New York State Comptroller Thomas P. DiNapoli today announced his office completed audits of Village of Fleischmanns, Village of Old Westbury, Town of Orangetown, Town of Portland, Rockville Centre Housing Authority, Village of Southampton, Westchester Community College and the City of Yonkers.
"In today’s fiscal climate, budget transparency and accountability for our local communities is a top priority," said DiNapoli. "By auditing municipal finances and operations, my office continues to provide taxpayers the assurance that their money is being spent appropriately and effectively."
The board has not developed a multiyear financial plan and did not adopt effective budgets because it did not receive accurate and sufficient financial information from the clerk-treasurer. Unpaid property taxes ($101,000) and water bills ($64,000) have severely impacted the village’s financial condition. The board also did not conduct an annual audit of the clerk-treasurer’s records and reports.
The justices correctly reported financial activities to the Justice Court Fund on a monthly basis. However, they did not perform bank reconciliations or accountability analyses on a monthly basis during the audit period. As a result, two of the three judges had cash overages totaling $1,743.
The board did not develop overtime budgets based on known needs and historical trends. Officials did not adequately monitor adopted budgets and allowed them to be over-expended each year. Auditors also found that although the police department’s collective bargaining agreement allows officers to accumulate up to 80 hours of overtime during the year, town officials did not adhere to those limits.
The town’s unaccounted-for water during the past two years was approximately 38 million gallons, or 40 percent of total production. Inaccurate master meters and customer meters have contributed to the unaccounted-for water. Water Districts 1, 3 and 7 reported deficit fund balances as of December 31, 2016, and all but two water districts realized operating deficits in 2016.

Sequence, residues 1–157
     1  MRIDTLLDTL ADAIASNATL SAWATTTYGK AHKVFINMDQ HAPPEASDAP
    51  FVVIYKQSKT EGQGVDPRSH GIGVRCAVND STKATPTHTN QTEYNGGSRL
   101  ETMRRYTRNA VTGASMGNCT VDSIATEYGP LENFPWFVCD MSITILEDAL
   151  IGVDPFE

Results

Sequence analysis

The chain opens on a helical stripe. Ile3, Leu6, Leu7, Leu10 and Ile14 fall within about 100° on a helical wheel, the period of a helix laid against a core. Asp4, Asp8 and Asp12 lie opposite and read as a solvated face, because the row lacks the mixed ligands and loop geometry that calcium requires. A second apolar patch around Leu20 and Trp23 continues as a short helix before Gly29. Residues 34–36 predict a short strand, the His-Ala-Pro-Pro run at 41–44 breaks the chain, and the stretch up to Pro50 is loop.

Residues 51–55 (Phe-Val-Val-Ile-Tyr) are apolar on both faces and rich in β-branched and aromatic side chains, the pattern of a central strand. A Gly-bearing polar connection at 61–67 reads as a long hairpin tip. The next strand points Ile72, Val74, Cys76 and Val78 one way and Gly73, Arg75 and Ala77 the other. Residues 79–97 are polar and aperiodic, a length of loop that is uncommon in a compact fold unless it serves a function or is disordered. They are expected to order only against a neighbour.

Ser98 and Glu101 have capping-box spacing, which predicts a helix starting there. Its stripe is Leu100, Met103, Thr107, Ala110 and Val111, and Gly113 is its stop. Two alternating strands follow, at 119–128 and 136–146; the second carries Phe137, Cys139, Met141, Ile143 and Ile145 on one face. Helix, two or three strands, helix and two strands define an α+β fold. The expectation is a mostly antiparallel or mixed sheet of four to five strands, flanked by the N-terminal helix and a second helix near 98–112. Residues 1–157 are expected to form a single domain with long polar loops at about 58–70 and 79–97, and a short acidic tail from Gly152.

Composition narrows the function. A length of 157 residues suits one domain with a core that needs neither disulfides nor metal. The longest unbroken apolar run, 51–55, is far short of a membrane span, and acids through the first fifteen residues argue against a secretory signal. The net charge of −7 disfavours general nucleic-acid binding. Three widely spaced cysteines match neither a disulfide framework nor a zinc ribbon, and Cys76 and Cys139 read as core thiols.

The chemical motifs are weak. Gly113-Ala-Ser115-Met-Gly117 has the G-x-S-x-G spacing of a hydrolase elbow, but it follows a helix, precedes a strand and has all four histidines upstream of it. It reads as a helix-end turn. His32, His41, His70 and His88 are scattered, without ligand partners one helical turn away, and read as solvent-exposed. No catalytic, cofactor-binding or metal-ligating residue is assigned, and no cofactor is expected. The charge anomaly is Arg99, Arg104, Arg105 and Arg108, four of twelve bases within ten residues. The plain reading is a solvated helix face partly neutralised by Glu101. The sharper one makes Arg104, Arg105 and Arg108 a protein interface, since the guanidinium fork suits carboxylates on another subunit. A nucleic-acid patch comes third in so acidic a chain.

The board needs to improve the claims auditing process to ensure all claims are properly audited, adequately supported and for legitimate authority purposes. The board also needs to improve its cash receipt process to ensure cash receipt functions are adequately segregated to safeguard authority assets.
The village’s length of service award program (LOSAP) records for 47 of the department’s 138 active volunteers showed that at least 27 of these volunteers did not receive accurate LOSAP points. This may result in the loss of future benefits for volunteers or, conversely, in the village incurring more LOSAP costs than necessary.
College officials have adopted effective fixed asset policies and procedures. The fixed asset policies and procedures establish the minimum cost to determine when assets should be recorded in the inventory records.
The 2017-18 budget relies on nonrecurring revenue, such as fund balance, to balance its budget. The city could potentially face a shortfall of approximately $1.7 million in revenue if income tax surcharges remain at 2016-17 levels and a shortfall of $515,000 if revenue estimates from the Parking Violations Bureau are not realized. Police overtime costs could potentially be over budget by as much as $2.6 million based on the 2016-17 fiscal year overtime costs.
For access to state and local government spending and 50,000 state contracts, visit OpenBookNY. The easy-to-use website was created by Comptroller DiNapoli to promote openness in government and provide taxpayers with better access to the financial workings of government.